Published July 27, 2012
Mariah Carey just inked a deal reportedly worth $18 million to be a judge on the next season of “American Idol,” while fellow pop star Britney Spears will reportedly be collecting a $15 million paycheck for her judging duties on “The X Factor.”
While these two ladies share scores of multi-platinum hits, legions of adoring fans and world-wide name recognition, they also share a well-documented history of loopy behavior, which should make for some must-see TV this fall.
“Britney’s had such a tumultuous career that looking to see what happens with her and how she handles herself on a live show is going to be hugely interesting,” ‘American Idol’ expert and editor-in-chief of rushfieldbabylon.com, Richard Rushfield, told FOXNews.com. “I’m waiting to see what Britney does.”
“I think Britney will be given a list of appropriate responses that she can say or not say, and she’ll use them over and over again,” said pop culture expert and editor of bsideblog.com, Ben Mandelker. “She’s like a robot. She’s a national curiosity at this point, but she doesn’t actually say anything bizarre.”
Carey, meanwhile, has the potential to be an insightful judge, if she doesn’t go soft on the contestants.
“She will certainly be able to talk about how to improve a performance, and get into the technical stuff,” said Mandelker. “The question is whether or not she’s just going to be praising every contestant with lavish words about butterflies and rainbows and charm bracelets.”
Carey’s experience hosting bizarre late night shop-a-thons on QVC may actually come in handy for her “Idol” gig.
“Mariah’s had a history of meltdowns and she has a reputation of being a diva, so maybe she will bring a little bit of edge to the panel,” noted M.J. Santilli, self-described “Idol” fan girl and editor of mjsbigblog.com. “Actually, I think that would be good for the show if Mariah is a little nutty. I think people love that. I think people loved Paula Abdul when she was a little off her rocker."
Abdul, who set the standard for bizarre judging practices during her eight seasons on “American Idol” and her brief tenure on "X Factor" may have been the blueprint for reality show producers hiring Spears and Carey.
“Paula Abdul created the archetype of the sweet but crazy reality show judge, and we’ll always love her for that,” noted Mandelker, who also hosts a reality show podcast on iTunes. “I hope that Britney can bring some kooky behavior to ‘X Factor’ and be what Paula Abdul was in her heyday.”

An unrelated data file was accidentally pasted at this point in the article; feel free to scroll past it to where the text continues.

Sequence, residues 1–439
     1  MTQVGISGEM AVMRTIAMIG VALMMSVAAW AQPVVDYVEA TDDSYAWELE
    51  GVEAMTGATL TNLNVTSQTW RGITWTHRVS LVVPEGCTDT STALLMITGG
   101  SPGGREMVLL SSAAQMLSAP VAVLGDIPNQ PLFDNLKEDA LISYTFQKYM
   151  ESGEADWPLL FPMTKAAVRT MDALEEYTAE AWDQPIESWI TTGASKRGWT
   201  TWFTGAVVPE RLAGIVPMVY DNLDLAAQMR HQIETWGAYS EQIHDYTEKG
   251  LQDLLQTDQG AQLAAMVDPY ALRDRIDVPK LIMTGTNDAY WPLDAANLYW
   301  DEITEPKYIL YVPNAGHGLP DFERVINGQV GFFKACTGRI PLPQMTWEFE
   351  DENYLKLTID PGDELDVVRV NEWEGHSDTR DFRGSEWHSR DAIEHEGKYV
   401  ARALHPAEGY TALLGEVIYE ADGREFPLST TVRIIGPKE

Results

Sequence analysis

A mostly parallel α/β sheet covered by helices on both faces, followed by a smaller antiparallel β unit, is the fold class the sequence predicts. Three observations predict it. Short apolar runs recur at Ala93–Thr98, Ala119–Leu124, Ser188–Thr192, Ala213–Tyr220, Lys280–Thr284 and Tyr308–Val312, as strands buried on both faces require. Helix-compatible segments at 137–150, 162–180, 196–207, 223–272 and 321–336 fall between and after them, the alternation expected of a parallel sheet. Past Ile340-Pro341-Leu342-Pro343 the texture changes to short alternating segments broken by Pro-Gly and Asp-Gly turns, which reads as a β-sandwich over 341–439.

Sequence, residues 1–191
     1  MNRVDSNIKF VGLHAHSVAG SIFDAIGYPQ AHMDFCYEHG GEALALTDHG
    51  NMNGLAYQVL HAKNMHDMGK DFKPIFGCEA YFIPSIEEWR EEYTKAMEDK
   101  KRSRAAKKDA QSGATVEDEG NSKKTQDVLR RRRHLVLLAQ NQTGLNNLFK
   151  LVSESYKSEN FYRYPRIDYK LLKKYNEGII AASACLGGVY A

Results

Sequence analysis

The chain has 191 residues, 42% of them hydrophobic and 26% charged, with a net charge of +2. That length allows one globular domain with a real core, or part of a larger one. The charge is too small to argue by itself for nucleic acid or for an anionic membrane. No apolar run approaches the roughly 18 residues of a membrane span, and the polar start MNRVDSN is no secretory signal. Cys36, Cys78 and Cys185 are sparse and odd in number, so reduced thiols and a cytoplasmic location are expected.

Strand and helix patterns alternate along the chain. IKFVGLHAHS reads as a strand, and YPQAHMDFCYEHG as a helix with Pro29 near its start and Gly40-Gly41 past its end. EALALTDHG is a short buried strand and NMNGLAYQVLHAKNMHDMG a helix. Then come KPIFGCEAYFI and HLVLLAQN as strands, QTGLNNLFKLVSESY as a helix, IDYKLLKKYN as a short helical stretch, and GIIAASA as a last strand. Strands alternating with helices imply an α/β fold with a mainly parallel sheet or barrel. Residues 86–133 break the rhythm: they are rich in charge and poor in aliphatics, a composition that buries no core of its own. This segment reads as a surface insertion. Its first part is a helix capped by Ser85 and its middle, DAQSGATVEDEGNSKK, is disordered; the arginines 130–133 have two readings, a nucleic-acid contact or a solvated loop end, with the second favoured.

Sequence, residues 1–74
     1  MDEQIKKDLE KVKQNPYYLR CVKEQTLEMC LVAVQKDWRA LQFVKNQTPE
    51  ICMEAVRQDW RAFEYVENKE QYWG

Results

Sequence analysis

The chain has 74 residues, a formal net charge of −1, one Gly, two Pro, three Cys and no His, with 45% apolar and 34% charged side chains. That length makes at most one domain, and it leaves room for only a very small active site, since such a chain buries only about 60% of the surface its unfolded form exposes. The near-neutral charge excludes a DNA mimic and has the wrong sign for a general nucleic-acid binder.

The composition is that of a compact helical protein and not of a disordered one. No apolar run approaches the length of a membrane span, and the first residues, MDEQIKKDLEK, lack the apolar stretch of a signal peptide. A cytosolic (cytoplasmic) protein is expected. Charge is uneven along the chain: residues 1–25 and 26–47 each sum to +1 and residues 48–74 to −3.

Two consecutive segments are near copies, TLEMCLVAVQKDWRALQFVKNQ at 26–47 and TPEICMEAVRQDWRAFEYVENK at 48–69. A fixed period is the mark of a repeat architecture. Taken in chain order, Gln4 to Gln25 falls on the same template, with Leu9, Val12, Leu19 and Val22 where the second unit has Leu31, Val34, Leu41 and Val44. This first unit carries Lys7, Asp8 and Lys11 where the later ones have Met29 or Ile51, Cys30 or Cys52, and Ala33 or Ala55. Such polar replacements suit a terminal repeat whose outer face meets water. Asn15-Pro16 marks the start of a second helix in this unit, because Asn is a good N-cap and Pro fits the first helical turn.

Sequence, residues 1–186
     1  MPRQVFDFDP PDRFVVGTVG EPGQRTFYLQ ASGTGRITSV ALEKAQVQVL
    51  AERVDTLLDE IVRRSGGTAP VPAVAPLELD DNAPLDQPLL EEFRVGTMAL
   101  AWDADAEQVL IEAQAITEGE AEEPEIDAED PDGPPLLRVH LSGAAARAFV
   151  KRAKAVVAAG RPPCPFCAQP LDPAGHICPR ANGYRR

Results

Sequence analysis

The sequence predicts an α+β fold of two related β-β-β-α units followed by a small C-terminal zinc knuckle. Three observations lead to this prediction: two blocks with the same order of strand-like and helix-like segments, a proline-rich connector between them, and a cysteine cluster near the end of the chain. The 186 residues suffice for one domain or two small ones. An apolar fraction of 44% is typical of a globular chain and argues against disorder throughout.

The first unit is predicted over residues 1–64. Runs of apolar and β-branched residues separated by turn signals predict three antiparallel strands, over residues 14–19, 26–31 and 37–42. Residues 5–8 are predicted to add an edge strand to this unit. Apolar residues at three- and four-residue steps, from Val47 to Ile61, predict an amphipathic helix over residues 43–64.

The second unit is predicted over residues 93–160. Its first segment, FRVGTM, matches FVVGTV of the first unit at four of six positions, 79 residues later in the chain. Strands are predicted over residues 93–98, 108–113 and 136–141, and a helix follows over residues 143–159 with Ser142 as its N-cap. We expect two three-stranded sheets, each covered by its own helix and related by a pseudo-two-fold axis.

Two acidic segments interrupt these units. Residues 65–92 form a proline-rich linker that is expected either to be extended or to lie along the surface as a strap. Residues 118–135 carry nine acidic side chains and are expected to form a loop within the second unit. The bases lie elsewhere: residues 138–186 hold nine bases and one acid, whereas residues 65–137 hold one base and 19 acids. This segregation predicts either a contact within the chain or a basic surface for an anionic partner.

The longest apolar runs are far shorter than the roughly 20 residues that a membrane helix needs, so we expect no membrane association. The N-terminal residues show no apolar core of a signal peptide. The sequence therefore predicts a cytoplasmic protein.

After two seasons of bland observations from judges Jennifer Lopez and Steven Tyler on “American Idol,” experts tell FOXNews.com that new blood was desperately needed on the judging panel.
“A judge should not only know music and understand performances, but they have to be able to articulate what made a performance strong or weak,” said Mandelker. “I think the problem with Steven Tyler and Jennifer Lopez was that they had the same critiques week after week after week, and that’s what really made them bad judges.”
“JLo and Steven shied away from being really honest with contestants, maybe because they were afraid that people wouldn’t buy their records or go to their concerts,” said Santilli. “I think it’s kind of hard for an artist who’s out there, trying to be popular, to sit on a panel and be critical. There’s a risk there that you might turn people off.”
Which may be why behind-the-scenes players seem to make the best judges on “American Idol.”
“I would love it if they found someone like Jimmy Iovine to be on the panel,” noted Santilli. “Somebody who is an insider–a record executive or a manager–someone who is really willing to tell it like it is. I don’t think that kinder, gentler panel really worked for ‘Idol.’”
“I think ‘Idol’ has a great judge there with Jimmy Iovine,” added Rushfield.
“Unfortunately, he’s sidelined and not a part of the judges’ panel. But his post-game comments have been terrific and it’s just a tragedy that you hear them the next day–and not when they can inject some actual drama into the show.”
In any case, “Idol” fans will be watching this fall, or at least watching the premiere.
“I always watch at the beginning–I always give it a chance,” said Rushfield. “But I don’t see that they’ve produced a game-changer yet. I’m waiting to see that still.”